“This thing sounds incredible, more like a racebike than some of the racebikes I used to ride,” he shouts over the din, his face instantly recognisable from inside his Shoei. And with that, 10 thundering Ducatis head out onto the road.

    Five minutes later we’re pulled over in a garage. The garage isn’t actually open, but half the bikes have no air in the tyres and no fuel in the tank. Jack adores his Ducatis but has got far better things to do than fawn over them all the time. A sleepy-headed attendant is roused by the bedlam outside and pumps gas while we pump air into the tyres. “God, there’s soul in these bikes,” says Jez, taking it all in.

    “I’ve owned plenty of plastic Japanese stuff in my time, but it’s the way the V-twin engines make their power, the sweet handling of the trellis frame, the small and compact package; all just leagues apart from the Gixxer brigade.”

    Rymer is still making whooping noises about the Desmo, Jack’s on his beloved Ducati SP2, I hop on the Ducati 999R and we thunder off in unison. Our route takes us down the A3, then across the A272 towards Midhurst, and from here we duck south towards Goodwood.

    The 999R is completely different to ride to all the others, like it was made by someone else entirely. Jack’s is a late-model 2006 bike and it’s wonderful to ride, properly fast with a savage bark to the exhaust note and plenty of room to tuck in behind the screen. The looks are still contentious but it’s a fascinating departure from the 888/996/1098 species.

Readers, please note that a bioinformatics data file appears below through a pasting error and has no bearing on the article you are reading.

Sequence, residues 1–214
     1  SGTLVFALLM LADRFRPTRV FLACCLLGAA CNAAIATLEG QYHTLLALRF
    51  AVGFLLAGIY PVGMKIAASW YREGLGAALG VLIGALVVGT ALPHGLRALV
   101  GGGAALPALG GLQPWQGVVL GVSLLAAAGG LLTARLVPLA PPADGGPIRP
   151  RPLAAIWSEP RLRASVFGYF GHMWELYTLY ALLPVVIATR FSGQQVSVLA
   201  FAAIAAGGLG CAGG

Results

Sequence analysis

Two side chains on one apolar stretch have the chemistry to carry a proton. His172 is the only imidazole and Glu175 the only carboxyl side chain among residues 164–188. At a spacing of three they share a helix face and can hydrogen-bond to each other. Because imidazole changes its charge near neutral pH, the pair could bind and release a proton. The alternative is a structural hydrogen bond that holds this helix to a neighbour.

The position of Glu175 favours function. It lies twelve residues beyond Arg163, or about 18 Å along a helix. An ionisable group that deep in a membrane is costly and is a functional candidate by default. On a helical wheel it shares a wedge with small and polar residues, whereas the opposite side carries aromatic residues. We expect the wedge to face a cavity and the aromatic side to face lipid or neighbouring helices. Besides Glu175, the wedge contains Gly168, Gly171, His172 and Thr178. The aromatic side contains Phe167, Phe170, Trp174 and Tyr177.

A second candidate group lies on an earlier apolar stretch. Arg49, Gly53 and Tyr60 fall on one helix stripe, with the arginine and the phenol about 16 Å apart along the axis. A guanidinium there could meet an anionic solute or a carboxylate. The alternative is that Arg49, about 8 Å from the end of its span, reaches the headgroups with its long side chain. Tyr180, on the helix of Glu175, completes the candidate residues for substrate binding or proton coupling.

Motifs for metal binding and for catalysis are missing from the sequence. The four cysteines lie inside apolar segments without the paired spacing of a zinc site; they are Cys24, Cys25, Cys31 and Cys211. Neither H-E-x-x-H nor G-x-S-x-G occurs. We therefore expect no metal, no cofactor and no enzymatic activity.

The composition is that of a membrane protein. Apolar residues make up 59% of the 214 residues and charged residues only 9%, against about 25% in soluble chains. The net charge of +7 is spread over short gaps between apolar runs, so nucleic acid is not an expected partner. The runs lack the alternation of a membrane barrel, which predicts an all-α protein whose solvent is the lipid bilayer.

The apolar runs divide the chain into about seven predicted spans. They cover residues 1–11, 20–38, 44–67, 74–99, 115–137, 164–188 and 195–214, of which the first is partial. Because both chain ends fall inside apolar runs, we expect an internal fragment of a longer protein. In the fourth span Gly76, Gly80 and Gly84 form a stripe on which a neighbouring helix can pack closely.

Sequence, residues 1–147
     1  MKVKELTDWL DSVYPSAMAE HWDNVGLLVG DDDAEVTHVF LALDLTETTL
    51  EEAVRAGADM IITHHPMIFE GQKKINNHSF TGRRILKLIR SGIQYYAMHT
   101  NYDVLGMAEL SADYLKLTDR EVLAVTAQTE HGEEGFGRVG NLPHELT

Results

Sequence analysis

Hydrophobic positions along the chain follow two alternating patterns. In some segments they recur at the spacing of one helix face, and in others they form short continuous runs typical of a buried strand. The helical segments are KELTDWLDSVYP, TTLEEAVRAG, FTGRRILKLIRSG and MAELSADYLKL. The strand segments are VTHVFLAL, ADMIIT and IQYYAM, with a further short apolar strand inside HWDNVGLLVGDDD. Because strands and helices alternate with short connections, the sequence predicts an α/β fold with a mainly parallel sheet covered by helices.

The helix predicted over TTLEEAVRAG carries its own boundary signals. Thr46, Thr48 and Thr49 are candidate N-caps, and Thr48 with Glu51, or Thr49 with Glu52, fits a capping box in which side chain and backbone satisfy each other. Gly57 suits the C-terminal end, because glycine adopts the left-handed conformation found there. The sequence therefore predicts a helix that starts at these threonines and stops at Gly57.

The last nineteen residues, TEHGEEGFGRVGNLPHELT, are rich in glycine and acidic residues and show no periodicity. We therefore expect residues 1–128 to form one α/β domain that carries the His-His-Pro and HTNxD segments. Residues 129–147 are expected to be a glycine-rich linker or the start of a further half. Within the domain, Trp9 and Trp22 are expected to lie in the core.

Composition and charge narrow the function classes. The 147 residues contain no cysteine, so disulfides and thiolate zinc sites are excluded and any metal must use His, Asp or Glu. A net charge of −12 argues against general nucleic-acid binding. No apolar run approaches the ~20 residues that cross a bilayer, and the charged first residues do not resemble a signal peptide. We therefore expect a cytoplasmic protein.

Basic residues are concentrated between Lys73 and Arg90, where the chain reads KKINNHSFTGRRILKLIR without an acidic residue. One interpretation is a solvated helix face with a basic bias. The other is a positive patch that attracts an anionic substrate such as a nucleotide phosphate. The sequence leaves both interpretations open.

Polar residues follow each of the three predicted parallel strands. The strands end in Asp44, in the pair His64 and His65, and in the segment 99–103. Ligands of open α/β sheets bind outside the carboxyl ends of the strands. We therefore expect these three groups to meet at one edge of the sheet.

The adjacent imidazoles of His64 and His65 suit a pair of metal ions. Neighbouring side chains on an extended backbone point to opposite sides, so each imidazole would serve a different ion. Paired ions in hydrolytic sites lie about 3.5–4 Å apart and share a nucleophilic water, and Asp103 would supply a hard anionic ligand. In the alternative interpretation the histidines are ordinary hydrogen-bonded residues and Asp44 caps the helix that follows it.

We re-group in Midhurst and everyone changes bikes again. “As someone who’s never ridden a Ducati before,” says Jules, looking aghast, “when you sit on a 1098R for the first time ever and open it up there’s a mixture of fear and exhilaration plastered across your face. The brakes are terrifying, the engine is terrifying, a fascinating experience.” Indeed.

    Jumping from the SP2 onto the 1098R, separated by 20 years of Ducati racing know-how, is very revealing. Amazingly, despite the fact the 1098R motor makes nearly twice the power, the characteristics of the engines are all the same. Punchy low-end power, midrange shove that starts at 5,000rpm, then a rush of power above 9,000. The lineage of the engines is clear to feel.

    We arrive at Goodwood and I wave my hand over my head like Toecutter in Mad Max, a signal for everyone to rev their engines in unison. I’ve always wanted to do this. Nobody sees me, nobody revs, so I quickly put my hand down in an embarrassed fluster and switch off.

    Jack’s Ducatis look amazing all parked in a line, Oli the photographer is frothing like a paparazzi with Kerry Katona and a coke dealer caught in his lens, leaping from bike to bike. “Ey mate, what are you lot? Ducati owner’s club or something?” asks an onlooker. I explain that no, these are all owned by one fellow and they’re rather unique. “I can see that, they’re all Ducatis,” says the bloke. No, look, actually, never mind. In the face of £145,000-worth of Sport Production specials, if you don’t know your Ducatis it’s just too hard to explain.

    We dive headfirst into breakfast. “Ducatis are still very special, they really are,” says Terry Rymer in between mouthfuls of piglet. “If you sat on a Ducati blindfolded and rode it – if you could do that – you’d know what it was straight away. The first time I rode the 916 racebike, I was a second quicker than Chris Walker who’d been riding it all year. That’s how sweet it was to ride, and I never crashed that year. You ride them smooth, they don’t like to slide, you feel like you’re a million miles off the pace, but then you look down and you’re just a half-second off the pace.”